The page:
Wade Allnutt. Back: Kelcey Christensen, UW Meat Lab manager and assistant coach, Brogan              “Although the contest was an impor-
Clay, Chris Kelly, Jaymes Talbott, and coach Lander Nicodemus.                                 tant reason for the trip, it was only a small
                                                                                               part of the total experience,” notes Nico-
                                                                                               demus. “The opportunity to gain insight
                                                                                               into Australia’s agricultural production
                                                                                               practices was an irreplaceable educational
                                                                                                     Team members also saw many Aus-
                                                                                               tralian sites including Coffs Harbor Beach
                                                                                               and Jetty, Port Macquarie Harbor, Terrigal
                                                                                               Beach, the Hunter Valley Wine Region,
                                                                                               Sydney Tower, Sydney Opera House, Syd-
                                                                                               ney Harbor Bridge, Manly Beach, and the
                                                                                               Taronga Zoo in Sydney.
                                                                                                     “This was an opportunity of a life-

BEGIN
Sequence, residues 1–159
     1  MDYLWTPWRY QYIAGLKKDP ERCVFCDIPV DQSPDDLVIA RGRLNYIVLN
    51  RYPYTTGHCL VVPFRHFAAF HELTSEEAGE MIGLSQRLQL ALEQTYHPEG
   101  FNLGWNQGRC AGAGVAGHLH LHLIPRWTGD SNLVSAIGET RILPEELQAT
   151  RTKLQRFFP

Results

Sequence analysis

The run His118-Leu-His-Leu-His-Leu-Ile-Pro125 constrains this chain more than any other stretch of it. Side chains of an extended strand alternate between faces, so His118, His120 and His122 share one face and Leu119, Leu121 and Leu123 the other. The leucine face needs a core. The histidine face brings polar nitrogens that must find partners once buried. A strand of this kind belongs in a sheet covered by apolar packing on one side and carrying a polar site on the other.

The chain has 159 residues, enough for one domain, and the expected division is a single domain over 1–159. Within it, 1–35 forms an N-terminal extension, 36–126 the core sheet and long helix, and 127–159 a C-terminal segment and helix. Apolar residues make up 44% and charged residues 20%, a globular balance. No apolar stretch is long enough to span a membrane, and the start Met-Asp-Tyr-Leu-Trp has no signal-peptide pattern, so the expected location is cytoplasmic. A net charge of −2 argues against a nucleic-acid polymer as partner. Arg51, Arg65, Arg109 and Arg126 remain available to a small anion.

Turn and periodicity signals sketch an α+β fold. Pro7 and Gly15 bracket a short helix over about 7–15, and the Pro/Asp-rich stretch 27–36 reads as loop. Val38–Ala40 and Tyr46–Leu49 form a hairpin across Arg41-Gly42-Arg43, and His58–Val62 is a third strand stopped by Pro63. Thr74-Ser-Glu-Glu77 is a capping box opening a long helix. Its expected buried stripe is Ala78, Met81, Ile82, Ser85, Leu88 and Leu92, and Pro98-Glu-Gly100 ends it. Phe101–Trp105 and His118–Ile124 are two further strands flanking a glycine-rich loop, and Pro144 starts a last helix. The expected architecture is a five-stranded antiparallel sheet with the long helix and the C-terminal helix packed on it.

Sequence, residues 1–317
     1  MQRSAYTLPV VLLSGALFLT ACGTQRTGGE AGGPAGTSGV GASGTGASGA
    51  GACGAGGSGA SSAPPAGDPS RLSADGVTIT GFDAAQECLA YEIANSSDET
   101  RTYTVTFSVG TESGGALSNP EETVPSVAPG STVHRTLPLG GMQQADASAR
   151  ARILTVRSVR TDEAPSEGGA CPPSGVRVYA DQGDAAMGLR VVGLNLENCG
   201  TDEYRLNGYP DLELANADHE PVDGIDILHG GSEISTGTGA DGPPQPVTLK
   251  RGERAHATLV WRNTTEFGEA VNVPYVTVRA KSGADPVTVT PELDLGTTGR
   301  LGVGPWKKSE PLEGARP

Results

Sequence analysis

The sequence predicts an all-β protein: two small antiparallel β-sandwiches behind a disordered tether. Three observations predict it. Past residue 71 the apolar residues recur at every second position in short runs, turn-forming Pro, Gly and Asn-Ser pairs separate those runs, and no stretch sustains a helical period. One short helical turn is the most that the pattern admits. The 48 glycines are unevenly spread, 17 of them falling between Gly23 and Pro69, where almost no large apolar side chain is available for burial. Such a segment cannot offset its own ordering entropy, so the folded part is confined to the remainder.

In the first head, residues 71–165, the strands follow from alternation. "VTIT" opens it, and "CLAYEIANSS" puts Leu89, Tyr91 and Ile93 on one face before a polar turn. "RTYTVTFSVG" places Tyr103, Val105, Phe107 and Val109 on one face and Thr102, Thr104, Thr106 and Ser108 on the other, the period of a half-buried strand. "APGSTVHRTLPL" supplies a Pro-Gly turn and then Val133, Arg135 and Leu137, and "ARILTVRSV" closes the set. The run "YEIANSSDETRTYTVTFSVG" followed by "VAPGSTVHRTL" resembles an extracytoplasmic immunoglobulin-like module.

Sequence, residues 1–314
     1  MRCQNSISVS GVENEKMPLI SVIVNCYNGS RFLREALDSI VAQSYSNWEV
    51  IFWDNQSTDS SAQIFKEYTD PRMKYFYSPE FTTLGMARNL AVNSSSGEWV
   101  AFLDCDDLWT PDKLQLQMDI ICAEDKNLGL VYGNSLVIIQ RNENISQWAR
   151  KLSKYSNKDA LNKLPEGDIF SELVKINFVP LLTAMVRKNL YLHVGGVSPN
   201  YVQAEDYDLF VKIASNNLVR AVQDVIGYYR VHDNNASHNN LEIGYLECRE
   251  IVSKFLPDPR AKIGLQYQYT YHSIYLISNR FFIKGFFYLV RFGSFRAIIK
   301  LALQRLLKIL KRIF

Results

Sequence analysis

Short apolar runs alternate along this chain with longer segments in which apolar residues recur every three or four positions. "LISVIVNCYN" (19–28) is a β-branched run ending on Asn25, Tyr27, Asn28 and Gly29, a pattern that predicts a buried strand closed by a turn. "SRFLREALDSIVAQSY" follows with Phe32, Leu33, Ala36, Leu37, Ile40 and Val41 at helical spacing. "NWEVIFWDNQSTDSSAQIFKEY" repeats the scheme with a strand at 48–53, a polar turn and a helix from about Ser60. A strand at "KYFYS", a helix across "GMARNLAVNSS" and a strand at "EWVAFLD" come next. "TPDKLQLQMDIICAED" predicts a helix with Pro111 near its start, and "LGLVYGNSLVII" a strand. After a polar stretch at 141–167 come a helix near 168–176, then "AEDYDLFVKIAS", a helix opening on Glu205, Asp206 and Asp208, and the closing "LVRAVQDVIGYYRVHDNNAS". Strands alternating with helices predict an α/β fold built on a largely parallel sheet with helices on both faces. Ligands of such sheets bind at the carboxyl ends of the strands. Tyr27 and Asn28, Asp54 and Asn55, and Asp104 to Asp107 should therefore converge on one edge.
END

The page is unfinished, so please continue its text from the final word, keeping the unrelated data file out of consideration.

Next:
time,” says Jessi Larsen. “We experienced,
                                                                                               firsthand, the numerous facets of Australian
                                                                                               agriculture, and, it definitely lived up to and
                                                                                               beyond all expectations.”
                                                                                                    The trip was made possible by support
                                                                                               from the UW President’s Office, the UW
                                                                                               Foundation, the College of Agriculture
                                                                                               and Natural Resources dean’s office, and
                                                                                               the Department of Animal Science.  In ad-
                                                                                               dition to team fund-raising activities, the